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Physical Functioning in work and retirement: commentary on age-related trajectories of physical functioning in work and retirement —the role of sociodemographic factors, lifestyle and disease by Stenholm et al
  1. José Iparraguirre
  1. Correspondence to Professor José Iparraguirre, Chief Economist, Department of Research, Age UK, Tavis House, 1-6 Tavistock Square, London WC1H 9NA, UK; Jose.iparraguirre{at}

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Stenholm et al1–henceforth, SW—look into the physical functioning of participants aged between 65 to 85 years in the Health and Retirement Study (a representative longitudinal survey of people aged 50 years or older in the USA). The authors report that physical functioning declined faster among the retired than among those individuals in full-time work, after controlling for age, sex, race, education, total wealth, body mass index, smoking, physical activity and chronic diseases.

This note does not review SW nor presents a systematic review of the literature on the topic. (For a recent systematic review of longitudinal research of the effects of retirement on health, see refs.2 ,3.) (For a comprehensive review of the literature, see ref.4.) The objective is more modest: to highlight some of the central tenets of the existing and conflicting literature to put SW into the context of its wider research programme.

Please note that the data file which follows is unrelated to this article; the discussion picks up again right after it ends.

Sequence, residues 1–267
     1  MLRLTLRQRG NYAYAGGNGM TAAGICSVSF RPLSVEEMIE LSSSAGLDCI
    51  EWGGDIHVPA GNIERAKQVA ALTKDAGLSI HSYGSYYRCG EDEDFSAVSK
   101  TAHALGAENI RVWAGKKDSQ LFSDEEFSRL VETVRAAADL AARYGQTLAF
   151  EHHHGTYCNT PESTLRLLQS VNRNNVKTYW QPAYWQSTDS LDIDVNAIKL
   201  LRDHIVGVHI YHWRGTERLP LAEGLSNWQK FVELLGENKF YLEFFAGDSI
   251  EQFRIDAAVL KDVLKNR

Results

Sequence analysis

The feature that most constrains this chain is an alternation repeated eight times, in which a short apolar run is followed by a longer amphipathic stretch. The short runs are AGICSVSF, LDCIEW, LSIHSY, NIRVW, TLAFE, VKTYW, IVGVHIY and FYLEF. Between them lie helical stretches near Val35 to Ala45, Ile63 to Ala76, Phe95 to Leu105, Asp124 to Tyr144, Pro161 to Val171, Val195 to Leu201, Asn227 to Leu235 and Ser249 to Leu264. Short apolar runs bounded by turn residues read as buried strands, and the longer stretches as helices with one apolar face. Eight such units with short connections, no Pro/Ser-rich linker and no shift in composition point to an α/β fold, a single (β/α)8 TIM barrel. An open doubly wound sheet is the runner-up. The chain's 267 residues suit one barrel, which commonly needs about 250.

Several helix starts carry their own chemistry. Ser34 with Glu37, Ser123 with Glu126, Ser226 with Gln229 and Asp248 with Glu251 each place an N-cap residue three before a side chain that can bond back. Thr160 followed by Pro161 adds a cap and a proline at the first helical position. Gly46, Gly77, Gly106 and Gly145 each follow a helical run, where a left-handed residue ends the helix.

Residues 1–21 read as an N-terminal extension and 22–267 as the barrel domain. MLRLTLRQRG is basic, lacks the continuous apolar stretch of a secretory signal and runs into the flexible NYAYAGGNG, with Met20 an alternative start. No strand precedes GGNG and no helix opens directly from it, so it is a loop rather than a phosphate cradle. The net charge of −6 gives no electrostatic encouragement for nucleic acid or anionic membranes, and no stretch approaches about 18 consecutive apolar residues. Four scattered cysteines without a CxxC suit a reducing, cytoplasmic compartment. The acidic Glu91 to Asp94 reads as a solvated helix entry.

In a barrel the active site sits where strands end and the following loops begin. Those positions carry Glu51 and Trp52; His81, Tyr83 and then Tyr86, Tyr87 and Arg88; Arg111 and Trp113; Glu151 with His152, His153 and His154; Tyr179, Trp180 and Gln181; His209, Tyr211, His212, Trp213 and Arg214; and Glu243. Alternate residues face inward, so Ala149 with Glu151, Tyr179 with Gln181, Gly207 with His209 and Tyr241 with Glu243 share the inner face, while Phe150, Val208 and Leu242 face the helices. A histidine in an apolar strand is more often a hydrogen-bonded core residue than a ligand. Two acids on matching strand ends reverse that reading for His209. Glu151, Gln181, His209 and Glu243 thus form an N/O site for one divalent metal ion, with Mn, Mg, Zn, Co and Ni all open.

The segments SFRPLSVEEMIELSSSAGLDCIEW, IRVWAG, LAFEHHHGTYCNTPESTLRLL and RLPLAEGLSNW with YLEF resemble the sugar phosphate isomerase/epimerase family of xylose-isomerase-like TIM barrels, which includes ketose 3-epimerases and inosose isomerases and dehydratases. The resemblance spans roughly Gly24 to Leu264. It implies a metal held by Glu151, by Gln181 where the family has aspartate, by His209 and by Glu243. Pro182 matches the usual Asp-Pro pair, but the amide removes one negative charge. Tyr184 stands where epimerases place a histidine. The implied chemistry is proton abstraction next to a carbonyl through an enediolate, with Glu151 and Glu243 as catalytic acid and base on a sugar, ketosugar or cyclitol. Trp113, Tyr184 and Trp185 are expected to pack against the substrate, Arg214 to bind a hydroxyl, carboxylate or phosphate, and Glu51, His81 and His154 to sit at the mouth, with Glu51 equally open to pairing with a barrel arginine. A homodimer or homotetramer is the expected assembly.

After a brief description of the causal mechanisms as propounded by competing social theories, this paper discusses some methodological differences found in the literature, which are to a large extent at the bottom of the diversity in findings, concerning

  • the indicators of retirement

  • the influence of the jobs before retirement

  • pathways to retirement, including early retirement

  • the indicators of health status

  • the focus on overall health or particular health conditions and diseases

  • the choice of the time horizon

  • the age cohorts

  • the statistical approaches.

Theoretical causal mechanisms

Koopmans characterised empirical work with no theoretical foundation as an inquiry ‘groping for guidance’.5 When it comes to the effects of retirement on health, there is no dearth of theoretical underpinnings. However, none of the economic and social gerontological theories provide conclusive guidance about what to expect a priori regarding the sign of the direction.